Nick> I think there’s a difference between planning helping to shape a new creative idea to ensure it is on-strategy – which I don’t see anything wrong with – and planning being prepared to deviate wildly from the strategy just to sell in a cool creative idea that is unlikely to achieve the client’s core marketing objectives – which is pretty much a dereliction of duty.
Some of the best and most effective campaigns I’ve worked on weren’t formally briefed by the client. They were proactive creative ideas that the agency and client could see would help serve the long-term strategic objectives of the brand, regardless of how they originated.
For that to happen, it’s essential that everyone – from planning to creatives to the clients – is fully bought into that long-term strategy and understands how creative ideas can help drive it forward, rather than diverge from it.
LBB> What have you found to be the most important consideration in recruiting and nurturing strategic talent? And how has Covid changed the way you think about this?
Nick> You can learn most of the stuff you need to be a successful strategist on the job through experience, training and working with other brilliant planners, creatives and account people. But I’m not sure you can learn the trait I see in every great strategist, which is a relentless curiosity about people, culture and how the world works.
I think it’s also important when recruiting talent that you hire people who don’t just think like you, but who have different backgrounds, perspectives and interests which shape their view on the world. And it’s important that you help them find their own voice and way of approaching strategy, rather than forcing them to follow a set process or template that might work well for you.
Covid has shown the industry that we can generally work remotely better than many people had probably anticipated, but as we’ve started to return to the office more regularly in the last few months, it’s also reminded us of what we’ve been missing and the power of real face-to-face interaction. So, the big thing I’m thinking about a lot at the moment – along with pretty much everyone else, I’d imagine – is how we strike the right balance between remote work and being together in the same room, as each has their own benefits and drawbacks.
LBB> In recent years it seems like effectiveness awards have grown in prestige and agencies have paid more attention to them. How do you think this has impacted on how strategists work and the way they are perceived?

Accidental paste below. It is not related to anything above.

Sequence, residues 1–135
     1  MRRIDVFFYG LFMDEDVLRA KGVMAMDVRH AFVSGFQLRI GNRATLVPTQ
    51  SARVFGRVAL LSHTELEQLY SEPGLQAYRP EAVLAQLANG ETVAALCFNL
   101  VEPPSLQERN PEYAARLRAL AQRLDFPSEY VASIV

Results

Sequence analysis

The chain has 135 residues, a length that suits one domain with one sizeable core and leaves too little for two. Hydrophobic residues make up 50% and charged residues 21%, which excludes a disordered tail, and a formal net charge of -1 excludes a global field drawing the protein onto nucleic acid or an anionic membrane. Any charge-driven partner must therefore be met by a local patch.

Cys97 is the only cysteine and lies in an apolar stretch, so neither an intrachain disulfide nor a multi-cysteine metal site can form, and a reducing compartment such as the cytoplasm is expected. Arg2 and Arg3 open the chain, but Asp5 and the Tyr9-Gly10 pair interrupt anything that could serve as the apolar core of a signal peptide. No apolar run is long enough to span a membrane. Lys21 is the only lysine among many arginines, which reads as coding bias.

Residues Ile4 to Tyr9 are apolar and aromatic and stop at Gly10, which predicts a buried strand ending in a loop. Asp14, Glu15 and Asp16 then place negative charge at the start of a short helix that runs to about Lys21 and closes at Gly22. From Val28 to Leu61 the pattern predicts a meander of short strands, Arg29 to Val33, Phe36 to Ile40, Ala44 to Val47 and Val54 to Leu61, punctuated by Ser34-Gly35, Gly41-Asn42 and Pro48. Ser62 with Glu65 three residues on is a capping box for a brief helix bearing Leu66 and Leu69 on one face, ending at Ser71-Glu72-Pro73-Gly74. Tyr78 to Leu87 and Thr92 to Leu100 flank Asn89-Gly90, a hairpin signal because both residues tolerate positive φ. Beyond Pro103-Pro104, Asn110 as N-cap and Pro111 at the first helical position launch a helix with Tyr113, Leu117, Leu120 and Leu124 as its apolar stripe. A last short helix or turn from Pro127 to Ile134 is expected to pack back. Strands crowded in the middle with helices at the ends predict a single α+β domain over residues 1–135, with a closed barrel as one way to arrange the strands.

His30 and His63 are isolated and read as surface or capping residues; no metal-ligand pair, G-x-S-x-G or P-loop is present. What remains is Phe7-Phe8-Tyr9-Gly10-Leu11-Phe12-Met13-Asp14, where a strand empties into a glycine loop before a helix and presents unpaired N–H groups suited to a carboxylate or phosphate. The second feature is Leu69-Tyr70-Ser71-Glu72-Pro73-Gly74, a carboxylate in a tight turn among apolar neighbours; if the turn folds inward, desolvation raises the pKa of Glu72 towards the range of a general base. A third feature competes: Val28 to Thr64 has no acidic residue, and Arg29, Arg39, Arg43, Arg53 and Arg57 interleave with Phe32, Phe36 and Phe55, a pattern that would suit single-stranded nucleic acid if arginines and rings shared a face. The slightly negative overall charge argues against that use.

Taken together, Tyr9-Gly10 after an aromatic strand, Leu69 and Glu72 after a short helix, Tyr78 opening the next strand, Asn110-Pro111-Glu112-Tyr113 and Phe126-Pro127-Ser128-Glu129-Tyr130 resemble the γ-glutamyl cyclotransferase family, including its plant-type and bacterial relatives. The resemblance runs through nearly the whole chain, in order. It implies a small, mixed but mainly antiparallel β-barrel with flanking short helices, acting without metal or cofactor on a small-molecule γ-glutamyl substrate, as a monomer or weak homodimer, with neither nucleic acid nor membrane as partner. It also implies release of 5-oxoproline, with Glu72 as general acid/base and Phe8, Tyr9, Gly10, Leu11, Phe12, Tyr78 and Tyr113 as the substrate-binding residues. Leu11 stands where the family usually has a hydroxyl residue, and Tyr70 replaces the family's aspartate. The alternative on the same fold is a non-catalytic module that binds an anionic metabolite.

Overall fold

Nick> I think the best agencies and brands have always paid a lot of attention to effectiveness awards, but the recent backlash against the ineffectiveness of many short-term “Cannes-bait” campaigns has perhaps put effectiveness awards more firmly in the spotlight for many more clients, too.
For strategists at any level, crafting effectiveness case studies is a brilliant way to hone your skills and make yourself an essential ally to your clients when they need to justify the value of marketing to the CFO, CEO or shareholders of the business.
Effectiveness is a huge part of the planning culture at Wonderhood, and case studies have already helped us win new business from brands that can see we take it seriously and are able to point to strong commercial results from the creative work we’re already doing for our other clients.
LBB> Do you have any frustrations with planning/strategy as a discipline?
Nick> It’s a reality of the ever-accelerating world we now live in, but I am sometimes jealous of all the extra time, money and space that planners seemingly had to really dig into a brief in the pre-internet age.
Of course, these great advances in technology have made our jobs easier in many ways, but they’ve also contributed to massively crunched campaign development timelines, vastly increased complexity when it comes to media selection and comms planning, reduced qualitative research opportunities to go out and speak to people in the real world, and just generally less time to think.
I can’t see that trend reversing, so strategy must continue to adapt and find ways to solve problems more quickly, without sacrificing too much sharpness or robustness in our thinking. One way we’re navigating that challenge at Wonderhood is what we call ‘parallel planning’ – teaming data strategists with brand strategists to approach briefs from different perspectives and skillsets, and hopefully getting to interesting and unexpected areas more quickly.
But I still occasionally daydream about what it must’ve been like in the past to have a year to work on a big brief, with a huge research budget, and without the constant ping of emails and wall-to-wall Zoom meetings getting in the way!
LBB> What advice would you give to anyone considering a career as a strategist/planner?
Nick> First off - and this applies to pretty much any job in adland, but I think particularly in strategy - you need to have an entirely abnormal interest with brands and the way they behave compared to the rest of the general population. It mustn’t be the only thing you have an interest in, but you can’t be a complete snob or cynic about advertising if you’re going to succeed as a planner. You need to feel excited about how you can combine the logical and creative parts of your brain in service of selling stuff for companies. Happily, the most proven way of doing that is by impacting and becoming part of broader culture, so you can still talk to your mates about it in the pub when you get it right.
Secondly, read, watch and listen to everything about planning, human behaviour and marketing effectiveness you can get your hands on, from books by advertising legends, to IPA papers on campaigns you’ve always admired, to APG talks on YouTube, to brilliant podcasts like ‘On Strategy’.
Finally, if all that hasn’t entirely put you off the idea, reach out to other planners in the industry and ask to speak to them. In my experience, most strategists are very generous with their time and wisdom and will happily offer their perspectives and advice if you ask them.